I’ve read four books by Emma Donoghue now and each one has been completely different from the one before! Haven is a particularly unusual novel and even after finishing it I’m still not quite sure what I really think of it.
The setting is 7th century Ireland and the novel begins with a stranger arriving at the monastery of Cluain Mhic Nóis on the banks of the River Shannon. His name is Artt and he claims to have had a dream, a vision sent by God:
‘An island in the sea. I saw myself there. As if I were a bird or an angel, looking down on the three of us.’
‘I was with an old monk, and a young one.’ The Abbot shows no sign of understanding him. ‘The dream is an instruction to withdraw from the world. To set out on pilgrimage with two companions, find this island, and found a monastic retreat.’
Artt persuades the Abbot to let him take a small boat and go in search of the island, accompanied by two other monks: the elderly Cormac, who came to religion late in life after losing his loved ones to plague, and Trian, a young man given to the monastery by his parents as a child. The three monks set off in the boat and eventually come to the uninhabited rocky island of Skellig Michael, where they prepare to live in seclusion together for the rest of their lives.
There’s really not much more to the plot than that, but what could have been an extremely boring book is surprisingly absorbing in the hands of Emma Donoghue. I found it interesting to see how the three men set about establishing their own little settlement on the island and how different their views were on what is necessary for survival. Skellig Michael is a harsh, remote and inhospitable place; looking at photos, I can’t imagine what it would have been like to live there, but monks (not the ones in the novel, who are fictional) really did build a monastery there. It’s now a UNESCO World Heritage Site and was used as a location for two of the recent Star Wars films.
Cormac, the most practical of the three, believes that their immediate priority should be to build shelter for themselves ready for the winter, but Artt – or ‘the Prior’ as he now calls himself – insists that there will be time for this later and that their time should first be spent on constructing an altar, a chapel and a stone cross. Meanwhile Trian is kept busy fishing and capturing the puffins and other seabirds that will provide them with meat and eggs, as well as fuel and fat for candles. I should tell you that there are a lot of graphic descriptions of gutting fish and killing birds, which I felt became repetitive and excessive – but I think maybe Donoghue has a message here for us, a warning regarding humans’ destruction of the environment and the wildlife that shares our planet:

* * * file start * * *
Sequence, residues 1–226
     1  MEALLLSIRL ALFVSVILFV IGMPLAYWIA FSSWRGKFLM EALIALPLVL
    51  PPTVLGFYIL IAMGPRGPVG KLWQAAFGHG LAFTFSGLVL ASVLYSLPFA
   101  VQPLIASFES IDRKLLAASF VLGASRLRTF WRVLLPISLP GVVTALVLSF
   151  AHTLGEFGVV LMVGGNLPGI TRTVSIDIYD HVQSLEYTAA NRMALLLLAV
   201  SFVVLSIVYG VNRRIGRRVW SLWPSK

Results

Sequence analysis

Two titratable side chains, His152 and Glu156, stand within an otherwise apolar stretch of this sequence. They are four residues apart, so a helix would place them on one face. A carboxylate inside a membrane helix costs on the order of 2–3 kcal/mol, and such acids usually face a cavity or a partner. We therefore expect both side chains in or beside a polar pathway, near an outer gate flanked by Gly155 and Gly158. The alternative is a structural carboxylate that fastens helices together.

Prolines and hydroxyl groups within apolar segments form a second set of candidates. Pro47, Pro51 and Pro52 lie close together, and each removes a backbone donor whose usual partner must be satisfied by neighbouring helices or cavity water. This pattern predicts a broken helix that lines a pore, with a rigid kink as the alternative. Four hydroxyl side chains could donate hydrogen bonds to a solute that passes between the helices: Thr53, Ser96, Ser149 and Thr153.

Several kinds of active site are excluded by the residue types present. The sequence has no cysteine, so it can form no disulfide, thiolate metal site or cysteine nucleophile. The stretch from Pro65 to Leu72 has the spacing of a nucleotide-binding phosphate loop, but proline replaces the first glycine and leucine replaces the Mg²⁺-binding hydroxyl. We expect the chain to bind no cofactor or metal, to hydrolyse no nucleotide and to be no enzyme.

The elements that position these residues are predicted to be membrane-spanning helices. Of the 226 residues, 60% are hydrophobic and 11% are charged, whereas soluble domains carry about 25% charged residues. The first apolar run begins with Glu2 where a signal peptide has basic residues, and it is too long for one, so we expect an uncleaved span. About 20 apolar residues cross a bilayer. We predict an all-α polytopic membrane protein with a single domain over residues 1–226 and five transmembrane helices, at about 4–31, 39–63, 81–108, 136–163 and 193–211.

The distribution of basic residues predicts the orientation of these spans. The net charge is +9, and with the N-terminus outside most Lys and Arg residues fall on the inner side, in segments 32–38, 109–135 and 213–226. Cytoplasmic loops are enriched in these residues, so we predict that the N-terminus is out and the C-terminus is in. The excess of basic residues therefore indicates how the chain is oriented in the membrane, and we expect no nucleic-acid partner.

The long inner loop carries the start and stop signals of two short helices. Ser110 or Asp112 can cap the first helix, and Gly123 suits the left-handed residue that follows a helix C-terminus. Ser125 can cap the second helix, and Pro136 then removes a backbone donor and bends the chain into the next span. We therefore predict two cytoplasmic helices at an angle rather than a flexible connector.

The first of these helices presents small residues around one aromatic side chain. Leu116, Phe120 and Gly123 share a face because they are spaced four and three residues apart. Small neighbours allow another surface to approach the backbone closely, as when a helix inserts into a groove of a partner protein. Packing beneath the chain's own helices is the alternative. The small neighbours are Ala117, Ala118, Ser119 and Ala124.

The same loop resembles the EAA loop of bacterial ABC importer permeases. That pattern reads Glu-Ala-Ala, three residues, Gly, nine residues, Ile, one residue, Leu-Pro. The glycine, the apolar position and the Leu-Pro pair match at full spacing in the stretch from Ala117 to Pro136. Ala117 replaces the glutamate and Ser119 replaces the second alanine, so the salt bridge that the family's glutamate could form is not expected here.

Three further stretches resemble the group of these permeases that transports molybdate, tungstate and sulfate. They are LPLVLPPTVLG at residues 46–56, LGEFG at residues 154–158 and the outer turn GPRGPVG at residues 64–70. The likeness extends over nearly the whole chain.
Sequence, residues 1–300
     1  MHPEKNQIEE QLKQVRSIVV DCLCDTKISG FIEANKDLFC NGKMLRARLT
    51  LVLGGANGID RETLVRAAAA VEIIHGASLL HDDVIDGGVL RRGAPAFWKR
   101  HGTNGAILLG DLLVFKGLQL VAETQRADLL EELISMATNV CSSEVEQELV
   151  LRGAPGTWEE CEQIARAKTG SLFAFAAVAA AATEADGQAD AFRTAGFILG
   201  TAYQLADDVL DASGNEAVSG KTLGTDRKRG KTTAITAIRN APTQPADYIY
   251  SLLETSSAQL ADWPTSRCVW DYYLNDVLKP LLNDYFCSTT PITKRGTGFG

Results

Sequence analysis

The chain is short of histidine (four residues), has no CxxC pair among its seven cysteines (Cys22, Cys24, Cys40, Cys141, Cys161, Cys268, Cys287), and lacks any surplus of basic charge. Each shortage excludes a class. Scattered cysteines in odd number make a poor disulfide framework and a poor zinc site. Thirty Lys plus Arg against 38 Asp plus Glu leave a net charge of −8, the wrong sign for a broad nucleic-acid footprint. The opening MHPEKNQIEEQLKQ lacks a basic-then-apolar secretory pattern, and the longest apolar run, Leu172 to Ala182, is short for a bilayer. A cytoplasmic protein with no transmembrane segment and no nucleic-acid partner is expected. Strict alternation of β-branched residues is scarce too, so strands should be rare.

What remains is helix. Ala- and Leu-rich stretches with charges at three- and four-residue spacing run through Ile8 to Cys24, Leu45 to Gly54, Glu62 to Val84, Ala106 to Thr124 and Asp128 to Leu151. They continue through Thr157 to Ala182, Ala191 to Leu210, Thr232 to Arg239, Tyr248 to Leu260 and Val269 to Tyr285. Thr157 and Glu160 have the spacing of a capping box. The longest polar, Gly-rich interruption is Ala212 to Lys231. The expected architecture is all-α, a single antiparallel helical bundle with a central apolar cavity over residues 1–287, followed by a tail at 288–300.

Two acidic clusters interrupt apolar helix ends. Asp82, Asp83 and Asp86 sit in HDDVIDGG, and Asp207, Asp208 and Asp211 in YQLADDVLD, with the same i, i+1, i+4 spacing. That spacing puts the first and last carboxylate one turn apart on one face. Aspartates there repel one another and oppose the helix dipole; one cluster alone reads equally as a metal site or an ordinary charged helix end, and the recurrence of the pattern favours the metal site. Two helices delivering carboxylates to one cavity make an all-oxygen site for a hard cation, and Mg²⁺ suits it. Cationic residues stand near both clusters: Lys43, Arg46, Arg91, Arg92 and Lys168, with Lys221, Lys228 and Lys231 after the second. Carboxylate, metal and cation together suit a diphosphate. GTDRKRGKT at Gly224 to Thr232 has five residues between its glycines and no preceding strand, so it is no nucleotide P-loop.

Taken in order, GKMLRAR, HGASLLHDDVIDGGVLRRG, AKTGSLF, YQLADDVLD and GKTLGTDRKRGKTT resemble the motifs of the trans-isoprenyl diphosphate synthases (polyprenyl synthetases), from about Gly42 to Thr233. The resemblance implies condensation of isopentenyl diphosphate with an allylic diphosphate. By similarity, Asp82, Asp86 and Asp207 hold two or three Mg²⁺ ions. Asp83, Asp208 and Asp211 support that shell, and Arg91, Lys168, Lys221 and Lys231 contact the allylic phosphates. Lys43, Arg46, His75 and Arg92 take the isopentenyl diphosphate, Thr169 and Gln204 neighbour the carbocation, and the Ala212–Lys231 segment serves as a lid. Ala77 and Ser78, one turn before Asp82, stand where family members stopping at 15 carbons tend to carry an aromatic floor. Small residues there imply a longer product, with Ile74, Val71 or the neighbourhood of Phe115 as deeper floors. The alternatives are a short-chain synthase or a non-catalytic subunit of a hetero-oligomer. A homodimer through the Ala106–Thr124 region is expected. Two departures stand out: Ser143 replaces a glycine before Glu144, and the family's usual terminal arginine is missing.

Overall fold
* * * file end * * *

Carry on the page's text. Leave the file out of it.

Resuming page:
But Trian struggles to believe that such a variety of lightsome and beautiful birds have formed in their translucent ovoid caskets, broken out of them, walked, cried out to their brethren, taken flight, over and over for these thousands of years…all so Trian can now fling them down to flame and char on a cooking fire.
I disliked Artt more and more as the story progressed and he became increasingly fanatical and adamant that ‘God would provide’, refusing to listen to the concerns of the other two monks. I also found my attention wandering whenever Cormac began to tell one of his many stories about the saints. The ideal reader for this book would have a much stronger interest in Christianity than I do, I think! There’s a revelation near the end which I had suspected all along, and although it came as no surprise to me, it does provide a turning point in the story – but just as things were starting to get exciting, the book ended. It’s a strange novel, as I said, and won’t necessarily appeal to people who’ve enjoyed Emma Donoghue’s other books (it’s nothing like the other three I’ve read – Room, Frog Music or The Wonder), but it’s a short, quick read and worth picking up if anything I’ve said about it has piqued your interest!
Thanks to Picador for providing a copy of this book for review via NetGalley.
This is book 14/20 from my 20 Books of Summer list.
This is book 42/50 read for the Historical Fiction Reading Challenge 2022.